The right-wing has doing its damnedest to work up a nice froth of outrage but come on, you couldn’t see the photos, and if you actually read the story it’s quite obvious that the city councilmen are nutjobs. The article even says the individuals in the pictures have no insignia that would identify them as American soldiers or the women as Iraqis. Plus the article was buried inside the city/region section which is probably the least read part of the paper.

    Meanwhile today the Globe printed a truly outrageous anti-American comment on today’s op-ed and no-one notices. To wit, in an op-ed by Ruth Daniloff: “The US administration overlooks human rights abuses by the Russian military in Chechnya, which are comparable to those which have taken place in the Abu Ghraib prison in Iraq.” Comparable? Let’s try at least 50 times worse than anything our soldiers could even imagine doing. Russia has completely brutalized Chechnya for 10 years and this is “as bad” as the US in Iraq? Talk about a lack of perspective. I hope Ms. Young has a talk with the editors.

  11. “Exceptions don’t prove rules.”

    Actually, they do, but only in the sense that “prove” means “put to the test,” an older meaning of “prove.” So exceptions are those things which prove if a rule is true or not.

    But yes, most people mean it in the wrong sense.

    Ed

  12. FWIW, the reporter was extremely skeptical, but no fewer than 3 editors ordered that it be run.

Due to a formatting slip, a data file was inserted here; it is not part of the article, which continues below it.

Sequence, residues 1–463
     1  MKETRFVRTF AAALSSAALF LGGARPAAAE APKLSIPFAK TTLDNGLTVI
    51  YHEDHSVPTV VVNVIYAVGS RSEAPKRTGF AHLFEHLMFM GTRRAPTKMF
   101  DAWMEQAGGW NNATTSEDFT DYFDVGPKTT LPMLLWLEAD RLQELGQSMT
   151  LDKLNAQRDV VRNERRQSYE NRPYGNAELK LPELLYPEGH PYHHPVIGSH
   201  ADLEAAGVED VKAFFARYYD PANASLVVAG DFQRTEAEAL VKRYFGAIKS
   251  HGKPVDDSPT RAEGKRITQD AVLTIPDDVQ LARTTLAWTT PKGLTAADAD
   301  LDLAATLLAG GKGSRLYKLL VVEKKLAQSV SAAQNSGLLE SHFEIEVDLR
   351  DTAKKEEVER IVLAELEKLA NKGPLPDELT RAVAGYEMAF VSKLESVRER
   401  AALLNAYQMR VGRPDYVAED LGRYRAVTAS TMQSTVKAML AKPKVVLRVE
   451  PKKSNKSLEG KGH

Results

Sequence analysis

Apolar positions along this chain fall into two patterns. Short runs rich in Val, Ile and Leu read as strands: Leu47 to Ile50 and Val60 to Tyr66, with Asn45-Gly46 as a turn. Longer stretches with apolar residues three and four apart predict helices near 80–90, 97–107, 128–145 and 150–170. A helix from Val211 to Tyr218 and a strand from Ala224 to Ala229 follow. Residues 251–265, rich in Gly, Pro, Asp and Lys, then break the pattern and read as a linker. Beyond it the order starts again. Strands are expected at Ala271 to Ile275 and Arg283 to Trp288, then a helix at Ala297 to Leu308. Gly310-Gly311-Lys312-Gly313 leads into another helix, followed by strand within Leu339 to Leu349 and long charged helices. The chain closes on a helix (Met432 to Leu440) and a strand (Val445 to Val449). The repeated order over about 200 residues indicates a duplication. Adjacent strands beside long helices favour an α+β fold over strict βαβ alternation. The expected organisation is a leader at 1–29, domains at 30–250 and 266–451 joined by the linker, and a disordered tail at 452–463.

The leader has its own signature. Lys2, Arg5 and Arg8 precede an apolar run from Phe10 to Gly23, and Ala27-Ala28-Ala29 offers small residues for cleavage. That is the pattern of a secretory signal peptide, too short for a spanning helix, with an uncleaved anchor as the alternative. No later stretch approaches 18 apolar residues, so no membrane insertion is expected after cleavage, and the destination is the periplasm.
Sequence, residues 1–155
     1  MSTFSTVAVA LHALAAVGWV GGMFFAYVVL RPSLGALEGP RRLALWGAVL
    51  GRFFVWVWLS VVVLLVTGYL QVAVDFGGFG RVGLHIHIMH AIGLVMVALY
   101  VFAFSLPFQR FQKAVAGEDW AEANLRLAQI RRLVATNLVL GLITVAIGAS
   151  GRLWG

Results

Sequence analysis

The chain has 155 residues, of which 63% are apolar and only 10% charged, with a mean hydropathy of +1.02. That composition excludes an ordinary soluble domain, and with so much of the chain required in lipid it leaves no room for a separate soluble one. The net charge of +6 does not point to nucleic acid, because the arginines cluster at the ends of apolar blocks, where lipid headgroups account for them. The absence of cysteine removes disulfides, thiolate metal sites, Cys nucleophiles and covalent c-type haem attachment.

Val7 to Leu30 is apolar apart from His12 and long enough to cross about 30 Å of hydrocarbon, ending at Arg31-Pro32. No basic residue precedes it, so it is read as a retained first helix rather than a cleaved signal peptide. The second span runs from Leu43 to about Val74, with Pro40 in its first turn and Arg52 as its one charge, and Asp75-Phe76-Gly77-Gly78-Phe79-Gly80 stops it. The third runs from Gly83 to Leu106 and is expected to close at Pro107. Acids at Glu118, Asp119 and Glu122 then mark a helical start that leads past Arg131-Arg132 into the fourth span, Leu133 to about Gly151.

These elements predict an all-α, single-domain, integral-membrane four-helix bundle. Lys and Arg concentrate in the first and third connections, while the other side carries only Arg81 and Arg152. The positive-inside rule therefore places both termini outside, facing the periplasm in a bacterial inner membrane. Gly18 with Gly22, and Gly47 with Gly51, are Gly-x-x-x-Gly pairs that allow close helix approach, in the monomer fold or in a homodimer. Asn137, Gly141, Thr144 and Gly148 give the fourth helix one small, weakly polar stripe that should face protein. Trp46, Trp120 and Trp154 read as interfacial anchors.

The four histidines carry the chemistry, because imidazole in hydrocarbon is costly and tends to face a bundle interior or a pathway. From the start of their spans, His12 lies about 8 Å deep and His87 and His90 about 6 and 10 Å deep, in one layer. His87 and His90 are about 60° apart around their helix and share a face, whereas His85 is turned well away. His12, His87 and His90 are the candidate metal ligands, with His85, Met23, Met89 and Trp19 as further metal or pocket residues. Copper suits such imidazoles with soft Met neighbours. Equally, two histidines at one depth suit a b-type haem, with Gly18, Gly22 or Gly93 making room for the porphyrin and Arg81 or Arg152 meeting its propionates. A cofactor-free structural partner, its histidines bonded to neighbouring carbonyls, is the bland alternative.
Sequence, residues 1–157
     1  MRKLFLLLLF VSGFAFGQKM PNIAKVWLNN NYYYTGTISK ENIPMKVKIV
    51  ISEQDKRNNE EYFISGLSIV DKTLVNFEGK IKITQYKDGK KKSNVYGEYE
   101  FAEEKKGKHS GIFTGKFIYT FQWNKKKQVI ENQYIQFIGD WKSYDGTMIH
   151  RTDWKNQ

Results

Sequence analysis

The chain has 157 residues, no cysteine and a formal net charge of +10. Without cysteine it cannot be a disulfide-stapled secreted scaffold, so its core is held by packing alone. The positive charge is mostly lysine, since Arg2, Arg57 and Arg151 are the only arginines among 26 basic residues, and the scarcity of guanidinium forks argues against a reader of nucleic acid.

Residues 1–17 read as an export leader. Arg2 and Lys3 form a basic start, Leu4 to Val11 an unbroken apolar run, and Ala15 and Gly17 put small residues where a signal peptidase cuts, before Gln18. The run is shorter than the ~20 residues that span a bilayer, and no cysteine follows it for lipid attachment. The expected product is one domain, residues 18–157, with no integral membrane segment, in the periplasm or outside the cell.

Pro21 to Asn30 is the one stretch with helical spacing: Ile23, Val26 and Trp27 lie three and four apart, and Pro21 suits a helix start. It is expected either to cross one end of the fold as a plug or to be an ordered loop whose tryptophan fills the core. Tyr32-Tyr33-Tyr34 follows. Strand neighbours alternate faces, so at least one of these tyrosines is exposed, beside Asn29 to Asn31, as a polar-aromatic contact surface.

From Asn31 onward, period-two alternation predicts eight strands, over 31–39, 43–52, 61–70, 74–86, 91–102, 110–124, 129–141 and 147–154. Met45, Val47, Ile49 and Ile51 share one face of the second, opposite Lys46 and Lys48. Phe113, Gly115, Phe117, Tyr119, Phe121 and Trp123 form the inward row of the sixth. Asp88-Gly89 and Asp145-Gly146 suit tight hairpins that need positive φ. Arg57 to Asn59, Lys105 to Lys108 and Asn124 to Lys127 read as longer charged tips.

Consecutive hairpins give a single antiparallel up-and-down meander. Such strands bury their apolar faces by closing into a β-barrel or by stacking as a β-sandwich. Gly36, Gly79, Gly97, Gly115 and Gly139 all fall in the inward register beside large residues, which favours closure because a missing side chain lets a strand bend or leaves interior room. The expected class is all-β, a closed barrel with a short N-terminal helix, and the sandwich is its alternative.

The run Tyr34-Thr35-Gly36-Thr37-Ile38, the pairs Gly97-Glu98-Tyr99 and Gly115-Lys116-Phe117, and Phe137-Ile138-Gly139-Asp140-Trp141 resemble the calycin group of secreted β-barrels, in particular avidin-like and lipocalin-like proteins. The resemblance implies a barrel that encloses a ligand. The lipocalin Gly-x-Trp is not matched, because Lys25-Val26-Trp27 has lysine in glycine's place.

Maybe the Globe and the NYT should trade that reporter for Judith Miller- she seems more in-line with their editorial “vision”.

  13. The Globe ran the “pictures in a picture” without making the slightest effort to see if they were genuine.

    Their provenance alone (Islamic activists and allied politicians) should have tipped off the Globe. The content should have clinched it.

    I had seen those same pictures a couple of weeks ago when I clicked through a link to “photos of US war crimes” or somesuch, where they were mixed in with Abu Ghraib pictures. I immediately recognized them for what they were – porn shots. The posing, the production values, hell, even the uniforms and haircuts, all said “these are not real US soldiers in candid photos.”

    What kind of idiot would fall for them, I don’t want to know, but it makes me wish I subscribed to the Globe, just so I could cancel my subscription.

  14. the day you can’t trust the nation of islam is the day i don’t want to be alive.

  15. Ed: The “put to the test” meaning is occasionally invoked, but the actual original meaning is that the assertion of an exception implies a rule to which there is an exception. For instance, if a street sign says “No parking here to corner,” that implies, in the absence of other prohibitions, that parking is allowed on the other side of the sign.

    There’s an ombudsman op-ed at the Globe’s website, which I believe was also run in today’s (as it’s often called around here) Glob:

    http://www.boston.com/news/globe/editorial_opinion/oped/articles/2004/05/14/a_series_of_errors_on_lewd_images/

Please to post comments

Comments are closed.